Are Protein Bars Worse Than Snickers?
If you decide to refuel with a protein or meal replacement bar after exercising, you could be undoing the calorie-burning
If you decide to refuel with a protein or meal replacement bar after exercising, you could be undoing the calorie-burning benefits of your workout and not even know it.
As the popular blog Junk Food News puts it: “You’d probably be better off with a Snickers than a protein or meal replacement bar.”
If that sounds unreasonable then consider this: most protein and meal replacement bars are replete with corn syrup or artificial sweeteners. Junk Food News cites a Consumer Labs study of 30 protein bars that found that 60% of the bars tested failed to match their nutrition labeling claims. Other highlights (or lowlights) of the Consumer Labs study:
1 out of 12 protein bars met the labeling claims.
1 out of 8 meal replacement bars met the labeling claims.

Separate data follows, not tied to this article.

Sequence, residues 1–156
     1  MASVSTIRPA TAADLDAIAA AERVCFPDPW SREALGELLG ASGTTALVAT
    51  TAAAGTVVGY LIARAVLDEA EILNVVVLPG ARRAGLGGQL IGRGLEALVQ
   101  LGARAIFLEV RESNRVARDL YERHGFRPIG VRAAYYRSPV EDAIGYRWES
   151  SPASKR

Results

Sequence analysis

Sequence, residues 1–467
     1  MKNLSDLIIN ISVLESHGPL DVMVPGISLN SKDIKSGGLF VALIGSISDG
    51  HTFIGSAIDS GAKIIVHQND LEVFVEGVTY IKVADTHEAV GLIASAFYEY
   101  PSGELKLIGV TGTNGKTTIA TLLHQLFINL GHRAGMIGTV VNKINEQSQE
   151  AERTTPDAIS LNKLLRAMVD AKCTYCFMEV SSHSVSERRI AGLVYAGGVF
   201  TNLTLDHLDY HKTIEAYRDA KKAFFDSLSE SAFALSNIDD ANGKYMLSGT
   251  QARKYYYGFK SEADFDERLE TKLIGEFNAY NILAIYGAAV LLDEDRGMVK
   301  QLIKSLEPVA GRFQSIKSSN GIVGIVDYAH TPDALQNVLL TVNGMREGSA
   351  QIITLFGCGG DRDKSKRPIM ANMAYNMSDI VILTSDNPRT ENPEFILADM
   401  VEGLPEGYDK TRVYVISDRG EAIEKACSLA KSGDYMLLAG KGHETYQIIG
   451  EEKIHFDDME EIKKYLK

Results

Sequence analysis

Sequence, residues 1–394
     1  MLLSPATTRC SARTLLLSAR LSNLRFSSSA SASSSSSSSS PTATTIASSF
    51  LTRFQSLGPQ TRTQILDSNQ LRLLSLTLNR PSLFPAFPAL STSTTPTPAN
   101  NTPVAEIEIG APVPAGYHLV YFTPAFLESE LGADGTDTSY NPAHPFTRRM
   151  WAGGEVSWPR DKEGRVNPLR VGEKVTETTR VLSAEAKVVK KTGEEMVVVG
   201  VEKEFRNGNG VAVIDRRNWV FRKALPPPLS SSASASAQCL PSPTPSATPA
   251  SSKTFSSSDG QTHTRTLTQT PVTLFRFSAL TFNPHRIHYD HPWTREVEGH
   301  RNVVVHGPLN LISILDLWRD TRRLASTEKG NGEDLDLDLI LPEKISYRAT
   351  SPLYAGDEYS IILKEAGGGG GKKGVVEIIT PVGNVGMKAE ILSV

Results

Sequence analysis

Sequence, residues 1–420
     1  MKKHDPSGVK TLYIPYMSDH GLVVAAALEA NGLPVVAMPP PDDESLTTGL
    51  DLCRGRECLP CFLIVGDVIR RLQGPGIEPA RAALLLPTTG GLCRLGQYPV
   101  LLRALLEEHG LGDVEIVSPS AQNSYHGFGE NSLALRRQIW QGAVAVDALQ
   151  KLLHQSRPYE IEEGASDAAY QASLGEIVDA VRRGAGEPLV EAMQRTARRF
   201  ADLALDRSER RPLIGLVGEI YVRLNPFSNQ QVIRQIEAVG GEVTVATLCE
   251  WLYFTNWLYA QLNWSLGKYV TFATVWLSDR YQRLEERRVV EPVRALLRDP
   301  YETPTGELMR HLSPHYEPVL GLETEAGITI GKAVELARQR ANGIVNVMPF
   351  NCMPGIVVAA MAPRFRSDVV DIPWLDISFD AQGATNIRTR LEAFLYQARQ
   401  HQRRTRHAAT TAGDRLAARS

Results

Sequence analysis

4 out of 10 diet bars met the labeling claims.
2 products exceed their claimed amounts of fat.
Half of the bars tested exceeded their claimed level of carbohydrates, some by a significant amount. Most likely this was because glycerin was not counted as a carbohydrate by some manufactures, although the FDA requires it to be included.
What can you do?
Unfortunately, while a Snickers bar may be nutritionally better than a protein bar, it’s still got 271 calories and 29 grams of sugar, making it not your best option. Junk Food News suggests you mix your own protein powder from a brand that doesn’t include excessive sweeteners. We suggest that you plan ahead and bring healthy snacks to the gym. Nuts will keep just fine in your car, or just bring along some string cheese and an apple. A skim cappuccino from any chain or deli will provide you with both protein and good carbs. Just don’t go for those blended drinks topped with whipped cream and wipe away that hour on the treadmill.
More ways to snack healthy:
5 Snack Makeover for Weight Loss and Energy